A World Youth Day Experience—Jesus is the Way
Deacon Francis Coyne

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Greetings! My name is Deacon Francis Coyne. Originally from Reno, I graduated from Bishop Manogue High School in 1998 and earned a BA in psychology and theology from Franciscan University of Steubenville, Ohio in 2002. My work experience includes roofing, construction, and cabinetry. I spent twelve years in religious life: six as a missionary, and six as a monk. I completed seminary formation at St Patrick’s in Menlo Park, and was ordained a transitional deacon on August 8, 2020. I was recently accepted as a ‘seminarian’ for the Diocese of Reno and currently work as parish administrator of Our Lady of Wisdom Newman Center and reside at Thomas Aquinas Cathedral. My main interest is spirituality. I aspire to become a priest for the Diocese of Reno. I am grateful for this opportunity to share a lesson I learned at World Youth Day in Lisbon, Portugal. I hope it will speak to you.

The lesson is this: Jesus is the Way.

Before we were called ‘Christians’ or ‘Catholics’ we were followers of “The Way” (see Acts 9:2).

The way we live from moment to moment, how present we are to God, to ourselves, to others, and to creation, how much in union we are, how awake, how free to be in the present, makes all the difference. Indeed, it seems like this is the goal of spirituality and of pilgrimage – to arrive at the present moment. It is only in the present that God is giving himself, in, to, and through us, others, and creation.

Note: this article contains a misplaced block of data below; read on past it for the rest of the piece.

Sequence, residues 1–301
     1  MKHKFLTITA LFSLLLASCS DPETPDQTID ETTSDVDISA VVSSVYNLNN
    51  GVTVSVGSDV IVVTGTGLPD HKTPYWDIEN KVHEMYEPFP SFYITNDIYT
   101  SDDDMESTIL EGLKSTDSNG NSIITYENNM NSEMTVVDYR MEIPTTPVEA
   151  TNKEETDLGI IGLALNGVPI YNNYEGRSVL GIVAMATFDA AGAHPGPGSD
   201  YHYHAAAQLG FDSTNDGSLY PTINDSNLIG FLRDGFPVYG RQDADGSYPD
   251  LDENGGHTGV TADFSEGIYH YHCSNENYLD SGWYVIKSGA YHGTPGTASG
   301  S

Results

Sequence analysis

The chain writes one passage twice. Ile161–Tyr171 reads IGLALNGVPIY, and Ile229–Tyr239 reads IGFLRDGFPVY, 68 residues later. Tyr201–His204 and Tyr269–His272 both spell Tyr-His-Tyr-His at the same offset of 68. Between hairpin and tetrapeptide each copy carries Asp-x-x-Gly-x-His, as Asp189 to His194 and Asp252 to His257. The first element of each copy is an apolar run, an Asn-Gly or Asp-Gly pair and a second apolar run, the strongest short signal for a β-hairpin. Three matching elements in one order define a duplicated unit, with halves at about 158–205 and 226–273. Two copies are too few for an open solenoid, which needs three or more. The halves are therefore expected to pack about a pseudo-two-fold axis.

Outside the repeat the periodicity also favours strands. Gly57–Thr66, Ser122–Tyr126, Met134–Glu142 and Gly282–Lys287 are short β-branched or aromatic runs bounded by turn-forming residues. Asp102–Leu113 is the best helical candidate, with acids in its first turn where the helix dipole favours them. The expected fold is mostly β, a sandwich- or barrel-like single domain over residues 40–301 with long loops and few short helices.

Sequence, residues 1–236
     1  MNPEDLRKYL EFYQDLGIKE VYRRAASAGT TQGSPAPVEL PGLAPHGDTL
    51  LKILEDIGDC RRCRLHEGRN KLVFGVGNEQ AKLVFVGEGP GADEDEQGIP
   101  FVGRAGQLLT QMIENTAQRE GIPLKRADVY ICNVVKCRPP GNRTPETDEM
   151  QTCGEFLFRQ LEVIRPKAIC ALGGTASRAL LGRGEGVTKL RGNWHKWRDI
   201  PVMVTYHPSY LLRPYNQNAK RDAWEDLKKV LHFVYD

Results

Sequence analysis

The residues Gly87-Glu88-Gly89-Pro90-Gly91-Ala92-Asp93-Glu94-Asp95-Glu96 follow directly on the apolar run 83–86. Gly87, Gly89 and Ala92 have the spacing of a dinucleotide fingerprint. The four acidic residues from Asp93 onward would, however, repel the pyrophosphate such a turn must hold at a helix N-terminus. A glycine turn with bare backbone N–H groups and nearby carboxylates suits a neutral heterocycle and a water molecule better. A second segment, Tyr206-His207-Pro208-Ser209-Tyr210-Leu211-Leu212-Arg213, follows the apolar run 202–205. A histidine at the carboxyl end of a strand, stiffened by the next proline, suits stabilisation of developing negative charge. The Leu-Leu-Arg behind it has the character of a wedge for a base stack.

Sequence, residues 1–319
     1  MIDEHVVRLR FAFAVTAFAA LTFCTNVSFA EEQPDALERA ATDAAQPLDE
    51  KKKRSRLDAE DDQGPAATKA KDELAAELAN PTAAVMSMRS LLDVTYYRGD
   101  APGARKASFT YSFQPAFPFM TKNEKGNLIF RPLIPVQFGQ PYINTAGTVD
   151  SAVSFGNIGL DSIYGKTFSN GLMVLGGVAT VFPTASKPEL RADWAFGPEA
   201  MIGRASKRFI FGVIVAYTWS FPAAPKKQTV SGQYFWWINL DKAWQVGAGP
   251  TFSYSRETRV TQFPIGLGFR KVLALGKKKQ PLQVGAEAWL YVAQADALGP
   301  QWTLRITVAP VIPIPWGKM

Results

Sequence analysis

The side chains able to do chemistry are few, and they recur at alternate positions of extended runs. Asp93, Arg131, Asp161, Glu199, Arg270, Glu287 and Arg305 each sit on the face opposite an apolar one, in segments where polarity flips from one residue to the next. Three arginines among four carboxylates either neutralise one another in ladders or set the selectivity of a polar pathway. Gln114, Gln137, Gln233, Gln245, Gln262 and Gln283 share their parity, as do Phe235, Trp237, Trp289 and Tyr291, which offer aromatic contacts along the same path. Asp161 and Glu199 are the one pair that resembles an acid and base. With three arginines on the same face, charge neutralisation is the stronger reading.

This became clearer to me on Saturday August 5th when Bishop took us seminarians to Fatima. There, the 100-degree temperature, the pain in my knees from walking on them across the pavement, and praying the Rosary all combined to catapult me into the present moment where I found myself in sweet communion with God and all creation. From that moment forward, God was a rock within me, stable, unshakeable, present. Centered and resting in him, I then engaged with others and with my surroundings and circumstances with equanimity, freedom, and wonder, with appreciation, creativity, and joy.

In this way, I returned to Lisbon and entered perhaps the most demanding part of World Youth Day – the walking pilgrimage, the vigil, the overnight camp out under the stars, and the closing Mass all held in a dusty rock-strewn field, with 1.5 million other participants all competing for space and resources.

The only personal space I had was my own person, but because God was in me, that personal space seemed infinite. Experiencing myself as one with everyone and everything, I also felt no lack, need, or want. There was no struggle for the limited resources of food, water, sani-huts, ground space, or position. There was simply contentment and communion.

Maybe the goal of pilgrimage and spirituality alike is the realization of the kingdom of God in our midst – in us and among us. Such a realization would determine the way we live.